DENNIS SCHWARTZ Movie Reviews

THE GREEN INFERNO (director/writer: Eli Roth; screenwriter: Guillermo Amoedo/story by Eli Roth; cinematographer: Antonio Quercia; editor: Ernesto Diaz; music: Manuel Riveiro; cast: Lorenza Izzo (Justine), Ariel Levy (Alejandro), Eusebo Arenas (Scott), Daryl Sabara (Lars), Kirby Bliss Blanton (Amy), Sky Ferreira (Kaycee), Magda Apanowicz (Samantha), Nicolas Martinez (Daniel), Aaron Burns (Jonah), Ignacia Allamand (Kara), Richard Burgi (Charles), Ramon Llao (Bald Headhunter), Antonieta Pari (The Elder), Matias Lopez (Carlos); Runtime: 103; MPAA Rating: R; producers: Christopher Woodrow, Molly Conners, Eli Roth, Miguel Asensio Llamas, Nicolas Lopez; High Top Releasing; 2013-USA/Chile-in English, Spanish, & Quechua tribal dialogue)

"Trying to win over the viewers with the strongest stomach for such things as devilish dismemberment is too depraved for me."

Reviewed by Dennis Schwartz

Eli Roth ("Cell"/"Hostel"/"Cabin Fever") directs this gross out torture porn film as a homage to the controversial Cannibal Holocaust (1980), the Italian jungle massacre film that made its bad mark on the midnight circuit in America's big cities back in the day. Co-writers Roth and Guillermo Amoedo keep Roth's story extremely violent, trying to win over the viewers with the strongest stomach for such things as devillish dismemberment is too depraved for me. The pic stars the Chilean model Lorenza Izzo, a weak actress who recently married the now out of favor cult director.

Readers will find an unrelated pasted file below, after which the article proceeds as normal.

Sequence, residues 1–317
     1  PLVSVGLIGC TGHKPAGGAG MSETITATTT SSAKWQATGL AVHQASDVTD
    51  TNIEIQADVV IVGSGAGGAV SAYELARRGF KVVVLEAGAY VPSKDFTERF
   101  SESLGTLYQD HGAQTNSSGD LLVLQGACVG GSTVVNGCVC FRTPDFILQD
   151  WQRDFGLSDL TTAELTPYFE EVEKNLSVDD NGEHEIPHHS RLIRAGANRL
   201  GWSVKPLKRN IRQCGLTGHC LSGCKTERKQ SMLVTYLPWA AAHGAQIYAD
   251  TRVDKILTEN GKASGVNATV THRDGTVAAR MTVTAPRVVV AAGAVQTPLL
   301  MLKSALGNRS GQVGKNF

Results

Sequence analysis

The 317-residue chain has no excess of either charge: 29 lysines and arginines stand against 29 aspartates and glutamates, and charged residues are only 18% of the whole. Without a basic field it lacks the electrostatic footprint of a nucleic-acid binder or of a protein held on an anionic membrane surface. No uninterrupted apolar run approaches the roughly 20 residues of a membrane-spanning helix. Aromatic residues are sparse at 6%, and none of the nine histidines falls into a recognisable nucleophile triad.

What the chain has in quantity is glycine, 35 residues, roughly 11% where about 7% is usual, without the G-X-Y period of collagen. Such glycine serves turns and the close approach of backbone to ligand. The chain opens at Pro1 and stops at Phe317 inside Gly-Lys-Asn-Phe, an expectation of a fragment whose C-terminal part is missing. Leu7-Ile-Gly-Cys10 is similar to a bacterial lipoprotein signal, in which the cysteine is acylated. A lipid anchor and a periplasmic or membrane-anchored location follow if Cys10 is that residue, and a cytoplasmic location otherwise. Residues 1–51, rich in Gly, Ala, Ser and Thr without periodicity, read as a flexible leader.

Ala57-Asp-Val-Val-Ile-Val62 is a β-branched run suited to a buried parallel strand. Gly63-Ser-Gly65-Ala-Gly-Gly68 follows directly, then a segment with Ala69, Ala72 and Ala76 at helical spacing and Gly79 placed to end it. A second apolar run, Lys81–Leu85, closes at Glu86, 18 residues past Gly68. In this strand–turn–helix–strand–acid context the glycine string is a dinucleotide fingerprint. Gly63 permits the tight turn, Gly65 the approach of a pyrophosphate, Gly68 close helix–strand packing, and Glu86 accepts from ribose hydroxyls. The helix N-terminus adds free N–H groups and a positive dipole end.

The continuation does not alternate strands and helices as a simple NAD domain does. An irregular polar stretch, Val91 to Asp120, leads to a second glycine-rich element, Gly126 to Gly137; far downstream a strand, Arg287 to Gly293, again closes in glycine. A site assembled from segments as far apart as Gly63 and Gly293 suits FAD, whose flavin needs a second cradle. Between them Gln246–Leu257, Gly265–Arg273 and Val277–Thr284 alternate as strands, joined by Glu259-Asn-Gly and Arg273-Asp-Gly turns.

The bearded campus radical Alejandro (Ariel Levy) works up the students with a rousing lecture on an American college with the plight of the rainforests in Latin America. A ragtag group of privileged college activists, including the naive college roommates Justine (Lorenza Izzo) and the more cynical Kaycee (Sky Ferreira), in a publicity stunt to gain attention, for the cause, travel into the Peruvian jungle to help save a lost tribe's habitat. But their plane crashes in the same Amazon jungle they are trying to save and the idealistic students find themselves captives of a hostile tribe of cannibals, ironically whose habitat they are trying to save.

It's evident that the only thing Roth is trying to do is make the exploitation pic as brutal as possible so he can live up to his bad boy rep. If watching a human being torn apart with a meat-cleaver and being prepped for the cooking pot is your idea of something  nourishing, then all I can say is we probably have different tastes.

REVIEWED ON 11/1/2015       GRADE: C+

Dennis Schwartz: "Ozus' World Movie Reviews"

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